Example：10.1021/acsami.1c06204 or Chem. Rev., 2007, 107, 2411-2502
Power transitions and the rise of the regulatory state: Global market governance in flux Regulation & Governance (IF5.4), Pub Date : 2021-05-03, DOI: 10.1111/rego.12400 Sandra Lavenex, Omar Serrano, Tim Büthe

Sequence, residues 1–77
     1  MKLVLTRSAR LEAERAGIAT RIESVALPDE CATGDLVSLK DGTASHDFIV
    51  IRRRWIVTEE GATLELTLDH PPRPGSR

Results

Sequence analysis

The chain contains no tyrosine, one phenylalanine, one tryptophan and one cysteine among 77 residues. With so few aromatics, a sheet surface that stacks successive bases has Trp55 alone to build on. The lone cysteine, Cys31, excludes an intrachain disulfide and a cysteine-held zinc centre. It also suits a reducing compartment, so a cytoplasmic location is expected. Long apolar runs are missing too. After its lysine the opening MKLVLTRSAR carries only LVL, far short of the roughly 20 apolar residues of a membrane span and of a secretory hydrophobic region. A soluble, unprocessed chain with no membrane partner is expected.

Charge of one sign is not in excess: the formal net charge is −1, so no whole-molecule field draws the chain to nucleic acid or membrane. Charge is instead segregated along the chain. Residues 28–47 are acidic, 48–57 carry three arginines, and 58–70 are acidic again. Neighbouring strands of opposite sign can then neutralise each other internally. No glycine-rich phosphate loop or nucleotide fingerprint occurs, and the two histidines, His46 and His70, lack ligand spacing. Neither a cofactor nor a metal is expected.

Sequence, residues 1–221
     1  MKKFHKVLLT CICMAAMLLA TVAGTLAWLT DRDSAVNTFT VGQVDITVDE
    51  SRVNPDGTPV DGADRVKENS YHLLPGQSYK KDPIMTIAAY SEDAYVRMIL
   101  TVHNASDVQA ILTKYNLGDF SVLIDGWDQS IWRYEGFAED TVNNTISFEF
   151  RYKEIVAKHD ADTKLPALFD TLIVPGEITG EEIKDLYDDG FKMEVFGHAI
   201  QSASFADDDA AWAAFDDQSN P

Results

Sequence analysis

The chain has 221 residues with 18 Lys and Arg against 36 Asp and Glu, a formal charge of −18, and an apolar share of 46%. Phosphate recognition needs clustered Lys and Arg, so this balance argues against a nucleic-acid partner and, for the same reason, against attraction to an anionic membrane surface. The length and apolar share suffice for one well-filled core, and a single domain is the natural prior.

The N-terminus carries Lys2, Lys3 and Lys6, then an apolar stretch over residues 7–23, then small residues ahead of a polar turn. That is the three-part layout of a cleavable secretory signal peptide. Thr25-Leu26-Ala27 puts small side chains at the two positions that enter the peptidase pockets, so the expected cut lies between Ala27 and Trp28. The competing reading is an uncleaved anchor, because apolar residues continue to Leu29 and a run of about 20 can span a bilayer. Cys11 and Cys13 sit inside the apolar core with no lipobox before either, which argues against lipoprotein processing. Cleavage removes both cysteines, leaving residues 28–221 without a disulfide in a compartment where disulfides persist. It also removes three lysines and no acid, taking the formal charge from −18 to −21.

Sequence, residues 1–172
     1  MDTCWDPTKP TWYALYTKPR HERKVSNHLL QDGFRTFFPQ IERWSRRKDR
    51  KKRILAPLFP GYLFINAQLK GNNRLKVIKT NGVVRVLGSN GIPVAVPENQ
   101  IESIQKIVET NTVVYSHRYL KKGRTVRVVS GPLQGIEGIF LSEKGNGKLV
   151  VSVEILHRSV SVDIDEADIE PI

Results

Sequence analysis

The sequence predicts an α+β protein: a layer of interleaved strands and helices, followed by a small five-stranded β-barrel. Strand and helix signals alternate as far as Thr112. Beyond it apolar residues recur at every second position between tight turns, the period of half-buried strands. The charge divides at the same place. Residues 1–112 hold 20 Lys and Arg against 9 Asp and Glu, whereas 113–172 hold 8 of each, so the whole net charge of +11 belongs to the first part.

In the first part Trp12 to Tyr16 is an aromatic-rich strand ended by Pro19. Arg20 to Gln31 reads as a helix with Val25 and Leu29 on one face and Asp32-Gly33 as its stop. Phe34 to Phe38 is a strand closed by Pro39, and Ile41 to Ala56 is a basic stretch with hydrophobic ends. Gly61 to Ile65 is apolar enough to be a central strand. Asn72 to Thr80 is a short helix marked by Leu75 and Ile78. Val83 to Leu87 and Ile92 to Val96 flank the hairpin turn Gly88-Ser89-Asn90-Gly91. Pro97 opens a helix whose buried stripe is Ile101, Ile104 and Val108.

This special issue examines the consequences of the ongoing power transition in the world economy for global regulatory regimes, especially the variation in rising powers' transition from rule-takers to rule-makers in global markets. This introductory article presents the analytical framework for better understanding those consequences, the Power Transition Theory of Global Economic Governance (PTT-GEG), which extends the scope of traditional power transition theory to conflict and cooperation in the international political economy and global regulatory governance. PTT-GEG emphasizes variation in the institutional strength of the regulatory state as the key conduit through which the growing market size of the emergent economies gives their governments leverage in global regulatory regimes. Whether or not a particular rising power, for a particular regulatory issue, invests its resources in building a strong regulatory state, however, is a political choice, requiring an analysis of the interplay of domestic and international politics that fuels or inhibits the creation of regulatory capacity and capability. PTT-GEG further emphasizes variation in the extent to which rising powers' substantive, policy-specific preferences diverge from the established powers' preferences as enshrined in the regulatory status quo. Divergence should not be assumed as given. Distinct combinations of these two variables yield, for each regulatory regime, distinct theoretical expectations about how the power transition in the world economy will affect global economic governance, helping us identify the conditions under which rule-takers will become regime-transforming rule-makers, regime-undermining rule-breakers, resentful rule-fakers, or regime-strengthening rule-promoters, as well as the conditions under which they remain weakly regime-supporting rule-takers.